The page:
Warne Marsh/Lee Konitz: Two Not One

CDs

Catalogue No: STV1088606
Format: Audio / Video | Recorded Performance
December 1975 was a busy month for Warne Marsh and Lee Konitz. It was Warne Marsh's first visit to Europe. They played December 3,4 & 5 at the Montmartre in Copenhagen and came back on the 27th and played yet another concert at the Montmartre. On December 28 and 29 they were at Rosenberg studio for further recordings. All dates were recorded and the result can be heard on this 4 CD box set. An amazing compilation of music from the two Lennie Tristano "pupils".

They played with the Danish musicians Ole Kock Hansen, Niels-Henning Ørsted Pedersen and Alex Riel; for the later sessions they played with Dave Cliff, Peter Ind and Alan Lewitt

CD 1

1. Background Music
2. You Don't Know What Love Is
3. April
4. Kary's Trance
5. Subconscious Lee
6. Back Home
7. Blues By Lester
8. You Stepped Out Of A Dream
9. Lennie Bird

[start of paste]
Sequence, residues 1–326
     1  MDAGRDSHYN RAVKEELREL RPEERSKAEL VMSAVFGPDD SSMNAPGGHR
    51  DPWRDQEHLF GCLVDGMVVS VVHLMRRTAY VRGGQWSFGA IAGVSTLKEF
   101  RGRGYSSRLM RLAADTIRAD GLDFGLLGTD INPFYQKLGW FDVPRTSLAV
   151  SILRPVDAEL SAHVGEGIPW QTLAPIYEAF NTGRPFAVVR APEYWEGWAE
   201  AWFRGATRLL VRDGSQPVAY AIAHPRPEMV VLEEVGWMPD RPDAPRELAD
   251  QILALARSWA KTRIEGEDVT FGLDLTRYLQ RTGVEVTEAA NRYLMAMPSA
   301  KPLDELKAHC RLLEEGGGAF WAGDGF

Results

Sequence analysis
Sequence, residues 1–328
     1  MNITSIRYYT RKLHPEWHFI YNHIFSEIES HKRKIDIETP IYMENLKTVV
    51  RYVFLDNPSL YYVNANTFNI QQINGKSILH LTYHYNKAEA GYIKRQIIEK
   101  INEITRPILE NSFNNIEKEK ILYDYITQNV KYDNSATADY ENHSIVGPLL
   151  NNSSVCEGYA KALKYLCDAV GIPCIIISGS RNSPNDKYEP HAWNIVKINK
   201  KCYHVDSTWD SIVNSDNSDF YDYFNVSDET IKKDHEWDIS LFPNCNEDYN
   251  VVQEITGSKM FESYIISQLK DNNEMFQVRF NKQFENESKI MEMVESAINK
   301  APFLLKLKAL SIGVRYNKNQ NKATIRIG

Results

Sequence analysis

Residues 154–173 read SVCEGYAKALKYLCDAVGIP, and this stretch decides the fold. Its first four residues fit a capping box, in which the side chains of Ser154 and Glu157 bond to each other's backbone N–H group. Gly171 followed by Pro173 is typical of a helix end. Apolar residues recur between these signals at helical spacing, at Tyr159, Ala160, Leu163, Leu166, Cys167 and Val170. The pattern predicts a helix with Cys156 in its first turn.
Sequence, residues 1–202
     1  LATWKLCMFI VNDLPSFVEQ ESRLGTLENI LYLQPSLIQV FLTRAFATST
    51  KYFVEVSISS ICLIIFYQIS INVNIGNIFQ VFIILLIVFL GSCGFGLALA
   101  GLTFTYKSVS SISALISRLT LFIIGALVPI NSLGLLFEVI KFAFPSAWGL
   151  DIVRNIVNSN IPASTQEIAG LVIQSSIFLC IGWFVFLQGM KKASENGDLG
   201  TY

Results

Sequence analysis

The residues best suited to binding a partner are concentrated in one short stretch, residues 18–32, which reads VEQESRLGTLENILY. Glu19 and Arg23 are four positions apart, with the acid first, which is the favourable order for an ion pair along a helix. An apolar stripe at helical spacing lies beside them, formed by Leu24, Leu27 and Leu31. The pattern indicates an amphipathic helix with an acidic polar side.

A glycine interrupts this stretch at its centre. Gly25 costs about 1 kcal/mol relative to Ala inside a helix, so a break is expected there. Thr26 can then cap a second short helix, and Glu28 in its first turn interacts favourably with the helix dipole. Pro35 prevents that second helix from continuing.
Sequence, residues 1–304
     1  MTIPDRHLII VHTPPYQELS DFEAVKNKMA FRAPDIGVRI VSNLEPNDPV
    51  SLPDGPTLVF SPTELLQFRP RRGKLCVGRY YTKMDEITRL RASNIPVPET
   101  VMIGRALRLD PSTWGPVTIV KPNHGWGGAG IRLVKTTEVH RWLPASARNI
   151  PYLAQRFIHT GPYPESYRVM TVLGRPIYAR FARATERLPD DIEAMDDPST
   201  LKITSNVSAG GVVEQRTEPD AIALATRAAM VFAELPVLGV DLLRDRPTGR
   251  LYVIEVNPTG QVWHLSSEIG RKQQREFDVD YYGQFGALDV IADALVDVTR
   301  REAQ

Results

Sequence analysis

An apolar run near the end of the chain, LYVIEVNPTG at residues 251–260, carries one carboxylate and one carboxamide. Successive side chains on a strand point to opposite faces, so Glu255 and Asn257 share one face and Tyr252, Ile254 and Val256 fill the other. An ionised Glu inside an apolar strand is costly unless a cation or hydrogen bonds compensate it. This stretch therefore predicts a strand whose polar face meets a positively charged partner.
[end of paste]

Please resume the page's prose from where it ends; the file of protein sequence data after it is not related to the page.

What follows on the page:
CD 2

1. Just Friends
2. Little Willie Leaps
3. Old Folks
4. Au Privave
5. Wow
6. Kary's Trance
7. Foolin' Myself
8. Sound-Lee
9. Chi-Chi
10. Two Part Invention No. 1, Allegro
11. Two Not One
12. Darn That Dream

CD 3

1. 317 East 32nd. Street
2. Two Part Invention No. 13, Allegro Tranquillo
3. April
4. Everything Happens To Me
5. Blues In G Flat
6. After You've Gone
7. The Song Is You
8. Lennie Bird
9. It's You Or No One
10. God Bless The Child
11. The Way You Look Tonight
12. Without A Song
13. Be My Love

CD 4

1. You Don't Know What Love Is
2. Lennie Bird
3. Confirmation
4. I Can't Give You Anything But Love
5. Without A Song
6. Just One Of Those Things
7. All The Things You Are
8. I Should Care
9. The More I See You
10. When You're Smiling
11. Taking A Chance On Love
12. Little Willie Leaps
13. Everytime We Say Goodbye
14. I Want To Be Happy
Published on: 05 April 2013
Language: English
Publisher: Storyville Records
 

    Musicroom Reviews

    Rating
    Review
    5
    I bought the CD as a gift for someone, so it is still wraped. But I listened to the recordings on the Spotify several times - so much I liked it. Mike Hobbart, the FT jazz reviewer, was enthusiastic about it too, and gave it 4 stars out of five which, for him, is very rare.
    Anonymous - (Oxford, United Kingdom)

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